When your morals, and that displayed at your place of employment differ significantly you may find yourself in a dilemma that will make you look at things a little differently!
I have always, gone with my gut when choosing my clients for the most part. Even if I am desperately needing a new project, if one comes along that just doesn’t seem right I turn it down.
I took on a project once that involved dealing with people who had moral standards that I questioned on a regular basis. I did not know that this would be the case before I accepted the project.
The company came along highly recommended by the leaving contractor, as did the company team members that I would be working with. The reason that the contractor was leaving was because of family obligations they did not allow enough time for the time the project was taking…I found this out to be not true. That aside, I found a lot that I was told about the team and other contractors to be untrue as well.
I cannot say I am the most moral person in the world. I must definitely have faults. I do not go to church, and I have lied to people in the past and sometimes I have bad thoughts. However, I have always felt that I have a level of professionalism that has worked well for myself and for my clients. When I was a much younger person I worked as a “gopher” at a local newspaper. As a gopher, you are the one person that gets yelled at if you do not show up with the right copy before deadline or for anything else that is late. I learnt very quickly, that you do not take anything personally on deadline day at a newspaper! The following day, everyone that yelled at me would come and tell me that they really appreciated my hard work. I have took those feelings with me and know for the most part that anything negative that anyone says to you at work is not personal and is probably coming from their own insecurities, challenges and stress of the day. Letting them get to you brings you one step closer to being them.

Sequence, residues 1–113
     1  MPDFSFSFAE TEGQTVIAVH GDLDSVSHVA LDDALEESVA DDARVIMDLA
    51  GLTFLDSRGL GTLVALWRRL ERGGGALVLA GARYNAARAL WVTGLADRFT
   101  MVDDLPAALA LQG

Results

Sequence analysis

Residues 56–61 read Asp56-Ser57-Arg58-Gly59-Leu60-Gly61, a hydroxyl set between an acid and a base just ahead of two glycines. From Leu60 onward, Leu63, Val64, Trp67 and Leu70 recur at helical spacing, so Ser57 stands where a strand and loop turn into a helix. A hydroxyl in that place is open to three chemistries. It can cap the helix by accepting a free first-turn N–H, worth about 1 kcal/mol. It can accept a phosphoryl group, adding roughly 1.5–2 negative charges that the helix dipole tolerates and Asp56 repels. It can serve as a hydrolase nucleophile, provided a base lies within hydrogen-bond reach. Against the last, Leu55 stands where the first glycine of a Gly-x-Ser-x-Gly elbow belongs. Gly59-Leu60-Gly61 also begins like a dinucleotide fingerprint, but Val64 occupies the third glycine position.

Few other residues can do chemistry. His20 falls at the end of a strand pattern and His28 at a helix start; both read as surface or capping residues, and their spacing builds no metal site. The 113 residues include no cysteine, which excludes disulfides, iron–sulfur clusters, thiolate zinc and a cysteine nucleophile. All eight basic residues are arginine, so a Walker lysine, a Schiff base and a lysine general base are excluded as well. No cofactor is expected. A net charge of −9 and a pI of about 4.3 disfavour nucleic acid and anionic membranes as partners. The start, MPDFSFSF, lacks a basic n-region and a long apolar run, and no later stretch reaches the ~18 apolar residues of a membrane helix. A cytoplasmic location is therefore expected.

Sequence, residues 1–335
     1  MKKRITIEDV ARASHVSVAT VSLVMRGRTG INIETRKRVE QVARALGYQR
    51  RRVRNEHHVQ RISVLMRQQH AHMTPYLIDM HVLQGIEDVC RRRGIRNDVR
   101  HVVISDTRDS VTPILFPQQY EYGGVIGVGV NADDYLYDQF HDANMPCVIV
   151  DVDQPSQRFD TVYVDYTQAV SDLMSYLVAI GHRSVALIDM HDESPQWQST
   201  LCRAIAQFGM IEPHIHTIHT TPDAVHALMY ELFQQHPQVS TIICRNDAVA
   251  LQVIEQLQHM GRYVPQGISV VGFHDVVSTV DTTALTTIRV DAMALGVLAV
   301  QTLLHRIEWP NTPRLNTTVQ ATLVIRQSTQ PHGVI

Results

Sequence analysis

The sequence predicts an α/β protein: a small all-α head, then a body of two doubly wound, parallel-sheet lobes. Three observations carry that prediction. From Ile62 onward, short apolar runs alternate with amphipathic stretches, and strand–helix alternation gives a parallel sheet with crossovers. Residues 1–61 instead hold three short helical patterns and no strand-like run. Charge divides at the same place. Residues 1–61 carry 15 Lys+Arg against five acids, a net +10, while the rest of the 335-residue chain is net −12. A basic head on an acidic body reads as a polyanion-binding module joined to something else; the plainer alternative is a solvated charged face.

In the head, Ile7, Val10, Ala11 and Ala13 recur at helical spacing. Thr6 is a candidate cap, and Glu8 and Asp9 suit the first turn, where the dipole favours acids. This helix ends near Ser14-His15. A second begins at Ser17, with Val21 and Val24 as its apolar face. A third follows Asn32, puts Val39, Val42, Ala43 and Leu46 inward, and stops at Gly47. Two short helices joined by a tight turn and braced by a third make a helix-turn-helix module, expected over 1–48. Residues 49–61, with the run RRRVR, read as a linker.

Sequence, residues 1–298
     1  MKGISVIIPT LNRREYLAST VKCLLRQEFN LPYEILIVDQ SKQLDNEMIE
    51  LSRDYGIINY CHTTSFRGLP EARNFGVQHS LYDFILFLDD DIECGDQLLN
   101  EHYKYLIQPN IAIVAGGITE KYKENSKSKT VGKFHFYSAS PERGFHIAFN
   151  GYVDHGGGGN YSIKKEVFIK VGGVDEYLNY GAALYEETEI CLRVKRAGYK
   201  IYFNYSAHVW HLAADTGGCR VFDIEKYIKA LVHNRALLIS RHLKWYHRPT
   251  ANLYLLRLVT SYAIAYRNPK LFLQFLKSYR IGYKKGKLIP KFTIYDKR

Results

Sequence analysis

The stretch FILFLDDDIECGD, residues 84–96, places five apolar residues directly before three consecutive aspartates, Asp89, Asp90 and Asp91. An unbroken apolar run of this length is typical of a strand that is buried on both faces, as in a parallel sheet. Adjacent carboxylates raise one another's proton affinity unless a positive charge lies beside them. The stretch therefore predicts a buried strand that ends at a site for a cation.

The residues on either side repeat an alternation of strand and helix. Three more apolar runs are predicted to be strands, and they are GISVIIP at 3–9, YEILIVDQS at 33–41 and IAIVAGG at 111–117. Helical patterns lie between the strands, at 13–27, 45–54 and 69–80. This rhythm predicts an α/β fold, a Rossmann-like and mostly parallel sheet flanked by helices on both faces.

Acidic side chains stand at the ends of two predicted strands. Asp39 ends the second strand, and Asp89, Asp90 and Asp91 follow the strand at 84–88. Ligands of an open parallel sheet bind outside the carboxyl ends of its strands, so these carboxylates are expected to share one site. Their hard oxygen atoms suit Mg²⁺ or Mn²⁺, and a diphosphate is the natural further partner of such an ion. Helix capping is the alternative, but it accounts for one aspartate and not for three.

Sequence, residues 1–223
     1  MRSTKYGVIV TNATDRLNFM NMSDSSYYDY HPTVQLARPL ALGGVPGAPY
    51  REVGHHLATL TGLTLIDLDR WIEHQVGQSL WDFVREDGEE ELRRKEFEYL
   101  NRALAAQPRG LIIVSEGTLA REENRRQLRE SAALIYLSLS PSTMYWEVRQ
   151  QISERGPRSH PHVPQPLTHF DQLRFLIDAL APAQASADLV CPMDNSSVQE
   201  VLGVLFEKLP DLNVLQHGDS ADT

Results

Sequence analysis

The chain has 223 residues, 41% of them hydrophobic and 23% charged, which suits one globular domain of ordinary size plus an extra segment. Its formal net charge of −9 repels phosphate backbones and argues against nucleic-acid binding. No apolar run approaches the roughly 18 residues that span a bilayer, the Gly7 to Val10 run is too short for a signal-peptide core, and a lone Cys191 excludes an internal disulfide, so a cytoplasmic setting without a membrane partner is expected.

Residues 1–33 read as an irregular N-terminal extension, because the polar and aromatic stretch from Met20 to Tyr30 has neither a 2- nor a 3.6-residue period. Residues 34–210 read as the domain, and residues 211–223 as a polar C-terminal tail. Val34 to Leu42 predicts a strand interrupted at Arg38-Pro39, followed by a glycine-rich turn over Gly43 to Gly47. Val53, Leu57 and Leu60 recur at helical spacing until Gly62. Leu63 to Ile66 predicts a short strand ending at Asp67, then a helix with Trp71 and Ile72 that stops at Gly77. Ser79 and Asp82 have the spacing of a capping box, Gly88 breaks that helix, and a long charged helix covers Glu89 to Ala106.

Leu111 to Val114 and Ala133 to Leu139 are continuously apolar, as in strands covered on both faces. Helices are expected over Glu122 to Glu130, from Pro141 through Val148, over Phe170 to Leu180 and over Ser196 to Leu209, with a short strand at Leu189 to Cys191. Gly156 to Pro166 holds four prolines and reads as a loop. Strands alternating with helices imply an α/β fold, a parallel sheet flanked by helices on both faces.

Work and personal morals are extraordinarily different.
Stress, deadlines, challenges, money, targets, failure, unorganized….are all things that cause people in a work scenario to become insecure, angry and then unprofessional. Your personal morals, a lot of the time, are what help you handle situations professionally.
I recently read a great article/report by Susan Scheller Arsht..”This is how work life should be”: Quality Connections, Positive Relationships, and Positive Organization Climate. If you are experiencing challenges in the work place environment, reading this report would benefit you greatly. To me the title says it all…and the key words are “POSITIVE” and “QUALITY”.
Wikipedia definition —- “Work etiquette is a code that governs the expectations of social behavior in a workplace. This code is put in place to enable people to respect and protect time, people and processes”.
In the world of telecommuting things are quite a bit different.
Telecommuting creates its own list of challenges when it comes to work etiquette. It can be tough to read into what people are saying at the end of phone or video call. They could be saying one thing and actually mean something completely different. Sadly the same goes for you too…if you are the contractor you sometimes have to pick your words carefully. Your client may not always be wanting to hear the truth and you may not be willing to disclose it.
Investing in the product, the company, the people…
Telecommuting can also create what I call “false” friendships. If you have never met someone that you are working with there can sometimes be no real investment in the working relationship. This is particularly true if you have no common interests. I have learnt that it is a good idea to get invested in the company you are contracting for. Use their products if possible in a personal landscape, and learn to embrace their dynamic. Those team members that you do have personal similarities with are slightly different, as you take a step forward with them and become more than just being work colleagues. I am still in contact with some of the friends I made through working on projects, mainly because I met with them in their office on a regular basis and had common hobbies and interests. The others have sadly, quietly disappeared from my LinkedIn news feed.
The point of today’s blog is to discuss what you should do when you are already working on a project, and find that your clients moral standard and professional etiquette differs drastically to your own.
What did I learn?
- Go with what I feel is right, and let your client know if what you are being asked to do falls outside of the ballpark for you.
- I choose to only work with companies and individuals that have a moral levels that meet or exceed both my personal moral standards, and the standards I have set for myself within a working environment, both virtually and physically in an office.
- Finally, never suck it up and deal with it…
So, go forth and work hard, earn great respect and money and conquer the world!
I hope you enjoyed reading my blog and welcome your comments! Please follow the blog and share with your colleagues if you think it will benefit them.